Jan. 1, 2020 - Dec. 31, 2021Amount Awarded
Alexander Fridman, Ph.D.
Gregory Fridman, Ph.D., Jasreen Sekhon, Ph.D., Christopher Sales, Ph.D., Alexander Rabinovich, Ph.D.Resources
Minimally processed fresh cut produce washing industry is in need of novel non-thermal disinfection technologies, and cold plasma wash water treatment is well-positioned to provide this solution. National Science Foundation (NSF) and Department of Energy (DOE) funding led to breakthroughs in understanding of transitional arc plasmas and to the creation of reverse vortex gliding arcs—powerful yet relatively cold plasma systems. Such plasmas can now be used with delicate fresh produce with no adverse quality effects, low cost operation, and no added chemicals. In this project, Drexel University scientists are teaming up with SmartWash Solutions, a large manufacturing partner in the fresh produce processing industry, and Sunterra Produce Traders East representing an end-user of this technology. Drexel already has an established track record of commercializing plasma water treatment (water softening of power plant cooling water, and oxidation of water produced by hydraulic fracturing, or “fracking”) and will utilize the experience of our team in this project. We will optimize our existing reverse vortex gliding arc plasmatron for specifics of the food processing plant, validate this new system in the lab, and finalize this project by full validation of our prototype at an industrial scale testing facility.
Cold plasma is proven to be effective at rapidly inactivating pathogens in water [1, 2]. Our group, at the C&J Nyheim Plasma Institute (NPI), Drexel University, utilized prior NSF and DOE basic science funding to develop breakthrough approach of cooling thermal arc and trapping it in tornado-like reverse vortex air flow. This allowed to significantly increase the volume of plasma without increasing the power requirement and cooling plasma to below 2,000 K. Based on this new science, our team has developed a number of plasma-based water treatment technologies to meet the needs of different sources of water contamination and purification requirements [1, 3]. The goal of this proposed project is to design a plasma-based wash water management system for minimally-processed fresh produce to eliminate cross-contamination. Specific to reuse of produce wash water system is the interference from organic load. Plasma offers oxidative and non-oxidative pathways to achieve pathogen inactivation and, as organic load increases, inactivation mechanisms switch from the dominant oxidative pathways to the non-oxidative ones.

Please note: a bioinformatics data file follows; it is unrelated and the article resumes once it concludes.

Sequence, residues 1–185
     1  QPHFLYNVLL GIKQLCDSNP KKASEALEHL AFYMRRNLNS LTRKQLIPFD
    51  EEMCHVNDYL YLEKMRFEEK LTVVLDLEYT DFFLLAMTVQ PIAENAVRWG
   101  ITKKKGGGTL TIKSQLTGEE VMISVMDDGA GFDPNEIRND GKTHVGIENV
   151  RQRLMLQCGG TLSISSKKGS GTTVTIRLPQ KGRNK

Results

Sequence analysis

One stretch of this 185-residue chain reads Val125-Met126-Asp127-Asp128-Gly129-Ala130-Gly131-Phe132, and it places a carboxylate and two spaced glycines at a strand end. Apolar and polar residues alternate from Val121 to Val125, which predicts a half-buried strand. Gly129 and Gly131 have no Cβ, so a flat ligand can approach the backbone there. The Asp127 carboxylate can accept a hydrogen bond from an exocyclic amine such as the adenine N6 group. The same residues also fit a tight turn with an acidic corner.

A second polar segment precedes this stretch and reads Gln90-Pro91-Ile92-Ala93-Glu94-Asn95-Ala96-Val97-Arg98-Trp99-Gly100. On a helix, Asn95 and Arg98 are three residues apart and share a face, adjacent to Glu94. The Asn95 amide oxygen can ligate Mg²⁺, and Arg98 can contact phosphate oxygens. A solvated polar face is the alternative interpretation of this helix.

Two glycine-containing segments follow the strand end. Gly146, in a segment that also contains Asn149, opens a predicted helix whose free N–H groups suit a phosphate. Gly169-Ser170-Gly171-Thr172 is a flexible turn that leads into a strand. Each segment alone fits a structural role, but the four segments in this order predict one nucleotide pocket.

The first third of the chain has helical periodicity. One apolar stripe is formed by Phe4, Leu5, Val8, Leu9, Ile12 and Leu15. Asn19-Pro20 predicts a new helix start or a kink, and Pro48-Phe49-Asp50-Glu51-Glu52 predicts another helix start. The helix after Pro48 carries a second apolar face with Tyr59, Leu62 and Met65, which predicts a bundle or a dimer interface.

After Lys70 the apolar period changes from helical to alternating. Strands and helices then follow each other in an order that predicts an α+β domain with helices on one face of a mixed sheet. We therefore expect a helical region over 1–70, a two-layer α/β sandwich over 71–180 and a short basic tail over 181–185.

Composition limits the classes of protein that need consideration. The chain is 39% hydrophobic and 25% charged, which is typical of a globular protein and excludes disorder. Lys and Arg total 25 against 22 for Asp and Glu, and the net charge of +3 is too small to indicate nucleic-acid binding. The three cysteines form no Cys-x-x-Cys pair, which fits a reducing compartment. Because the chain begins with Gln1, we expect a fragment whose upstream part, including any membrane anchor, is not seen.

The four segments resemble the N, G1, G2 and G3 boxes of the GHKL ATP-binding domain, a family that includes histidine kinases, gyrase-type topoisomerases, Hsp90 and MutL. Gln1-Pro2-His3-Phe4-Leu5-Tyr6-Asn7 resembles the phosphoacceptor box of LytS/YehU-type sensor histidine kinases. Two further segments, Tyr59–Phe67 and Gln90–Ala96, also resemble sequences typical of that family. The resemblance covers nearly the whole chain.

The target of our technology is the minimally-processed fresh produce industry. Specifically, we are looking to replace or reduce the use of aggressive chemicals in water washing and chilling tubs because of the associated short-comings. Chlorine (NaClO), the most commonly used chemical disinfectant needs to be replenished periodically because it’s concentration declines in the presence of organic matter . Additionally, there are quality (color bleaching and off-odors) and safety concerns . Chlorine dioxide (ClO2) has high oxidative capacity and lower organic matter reactivity and has no carcinogenic byproducts, but it is very unstable and highly explosive as a concentrated gas. It also decomposes readily in the presence of sunlight. Chlorine and ClO2 are also inconsistent in controlling pathogen cross-contamination .
Even with emerging growth technologies such as vertical farming, hydroponics, aquaponics, etc. threat of cross-contamination persists and thus the need for produce washing remains [7-9]. As efficacy of chlorine and other aggressive chemicals is affected with increased organic load, new technologies for produce washing are being explored, for example UV in combination with H2O2, combined with surfactants  or the use of “natural” antimicrobials such as curcumin or gallic acid/propyl gallate (in combination with other methods) [11, 12]. Cold plasma is unique in being a non-chemical and continuous treatment system that does not need constant monitoring and replenishing of chemical concentration. The challenge, of course, is to provide sufficient mixing of the water treated by plasma and of bulk water in the produce washing system.